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I was trying to understand the business structure of stock trading companies. If you set up an LLC, you have to pay tax on capital gains.

When you trade (buy and sell stocks) in the name of another person, how do you show that the profit/loss should be directed to the person who was buying the stocks and not the LLC?

Is there any document which you need to file? What happens if the person buying the stock is anonymous in bitcoin exchanges? How should the LLC show its tax?

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  • Tax questions should have a country tag as rules vary. – Chris W. Rea Feb 4 at 21:35
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I was trying to understand the business structure of stock trading companies.

They're called brokerages, and they earn money in one of four ways:

  1. by "skimming" a little bit off the top of each person's account,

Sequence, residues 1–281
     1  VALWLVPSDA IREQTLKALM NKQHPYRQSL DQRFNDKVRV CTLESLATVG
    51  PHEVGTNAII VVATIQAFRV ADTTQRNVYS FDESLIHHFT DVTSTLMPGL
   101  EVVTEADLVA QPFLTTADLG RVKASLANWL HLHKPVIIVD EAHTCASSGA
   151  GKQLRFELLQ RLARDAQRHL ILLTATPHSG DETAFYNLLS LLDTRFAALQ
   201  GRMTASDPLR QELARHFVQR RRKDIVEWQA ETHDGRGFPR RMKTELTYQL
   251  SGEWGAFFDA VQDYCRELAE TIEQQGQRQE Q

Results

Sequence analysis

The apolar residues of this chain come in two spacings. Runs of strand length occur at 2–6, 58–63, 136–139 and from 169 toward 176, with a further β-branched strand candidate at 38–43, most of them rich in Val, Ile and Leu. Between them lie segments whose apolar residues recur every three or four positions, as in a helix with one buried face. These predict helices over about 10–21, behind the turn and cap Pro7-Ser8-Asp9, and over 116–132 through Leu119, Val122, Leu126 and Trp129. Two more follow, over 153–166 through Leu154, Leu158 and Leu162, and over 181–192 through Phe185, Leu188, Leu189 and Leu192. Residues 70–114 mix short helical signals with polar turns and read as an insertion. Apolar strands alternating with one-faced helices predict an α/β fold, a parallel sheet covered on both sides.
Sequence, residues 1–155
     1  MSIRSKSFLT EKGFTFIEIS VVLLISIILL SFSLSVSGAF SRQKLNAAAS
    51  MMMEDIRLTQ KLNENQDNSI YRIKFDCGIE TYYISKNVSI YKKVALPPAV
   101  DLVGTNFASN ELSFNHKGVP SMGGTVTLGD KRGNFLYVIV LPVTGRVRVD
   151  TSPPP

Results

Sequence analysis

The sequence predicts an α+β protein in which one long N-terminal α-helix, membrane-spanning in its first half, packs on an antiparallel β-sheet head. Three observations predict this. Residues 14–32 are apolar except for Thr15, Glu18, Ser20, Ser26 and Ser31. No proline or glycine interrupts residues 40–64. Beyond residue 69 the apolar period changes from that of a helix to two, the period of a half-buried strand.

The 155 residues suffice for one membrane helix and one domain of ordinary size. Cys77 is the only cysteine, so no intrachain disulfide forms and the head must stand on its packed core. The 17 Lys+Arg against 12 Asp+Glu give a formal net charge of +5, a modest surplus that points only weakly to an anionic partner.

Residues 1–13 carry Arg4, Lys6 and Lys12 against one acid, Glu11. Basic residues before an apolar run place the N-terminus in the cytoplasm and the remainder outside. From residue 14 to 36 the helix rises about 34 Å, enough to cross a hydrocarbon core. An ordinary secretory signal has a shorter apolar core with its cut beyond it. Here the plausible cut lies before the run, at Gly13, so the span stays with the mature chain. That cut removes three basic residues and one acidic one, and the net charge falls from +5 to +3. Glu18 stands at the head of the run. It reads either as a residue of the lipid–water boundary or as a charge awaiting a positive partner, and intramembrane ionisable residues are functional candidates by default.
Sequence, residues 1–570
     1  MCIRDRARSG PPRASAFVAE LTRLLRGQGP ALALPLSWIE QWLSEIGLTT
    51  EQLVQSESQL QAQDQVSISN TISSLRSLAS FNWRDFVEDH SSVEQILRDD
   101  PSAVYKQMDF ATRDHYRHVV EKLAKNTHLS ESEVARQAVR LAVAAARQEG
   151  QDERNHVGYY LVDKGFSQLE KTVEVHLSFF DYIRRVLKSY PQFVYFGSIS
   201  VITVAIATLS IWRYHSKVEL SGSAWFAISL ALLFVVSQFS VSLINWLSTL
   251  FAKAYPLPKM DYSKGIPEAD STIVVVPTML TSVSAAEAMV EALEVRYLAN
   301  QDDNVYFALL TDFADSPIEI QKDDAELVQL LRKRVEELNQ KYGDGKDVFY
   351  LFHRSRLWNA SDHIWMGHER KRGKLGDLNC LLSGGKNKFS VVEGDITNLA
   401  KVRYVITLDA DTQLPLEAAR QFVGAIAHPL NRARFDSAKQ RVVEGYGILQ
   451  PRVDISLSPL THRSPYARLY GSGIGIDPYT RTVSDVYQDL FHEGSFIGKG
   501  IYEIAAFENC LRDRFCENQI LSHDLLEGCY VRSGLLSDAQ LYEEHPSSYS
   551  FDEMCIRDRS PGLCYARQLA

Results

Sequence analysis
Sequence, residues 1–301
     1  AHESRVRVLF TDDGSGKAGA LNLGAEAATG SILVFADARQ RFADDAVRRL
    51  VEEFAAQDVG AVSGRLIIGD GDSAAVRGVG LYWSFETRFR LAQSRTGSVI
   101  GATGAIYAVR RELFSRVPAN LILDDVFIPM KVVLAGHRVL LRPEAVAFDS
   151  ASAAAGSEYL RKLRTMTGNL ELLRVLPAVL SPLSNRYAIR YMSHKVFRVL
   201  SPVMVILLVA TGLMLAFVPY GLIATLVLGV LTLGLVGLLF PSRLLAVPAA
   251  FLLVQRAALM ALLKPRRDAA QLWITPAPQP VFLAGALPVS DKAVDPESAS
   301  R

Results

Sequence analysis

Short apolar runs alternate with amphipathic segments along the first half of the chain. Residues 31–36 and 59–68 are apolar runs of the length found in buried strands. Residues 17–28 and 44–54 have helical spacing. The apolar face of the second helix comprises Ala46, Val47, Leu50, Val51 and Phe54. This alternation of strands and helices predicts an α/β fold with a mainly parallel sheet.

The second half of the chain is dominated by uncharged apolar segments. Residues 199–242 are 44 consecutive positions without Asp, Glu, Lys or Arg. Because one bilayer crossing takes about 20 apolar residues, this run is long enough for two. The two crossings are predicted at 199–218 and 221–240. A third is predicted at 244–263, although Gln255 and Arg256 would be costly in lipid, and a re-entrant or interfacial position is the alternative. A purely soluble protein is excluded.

2. charging a transaction fee, or
  3. both.

When you trade (buy and sell stocks) in the name of another person , how do you show that the profit/loss should be directed to the person who was buying the stocks and not the LLC?

You keep separate account of each person's money, and then pass their capital gains, losses, dividends, interest, etc through to them.

It's little different from your bank savings account statement (and thus year-end 1099) showing how much interest you earned.

Is there any document which you need to file? What happens if the person buying the stock is anonymous in bitcoin exchanges?

The SEC does not allow that. A company named Abra seems to think it has found a way around that by not actually buying shares in the investor's name, but you still have to keep account of each individual investor's investments.

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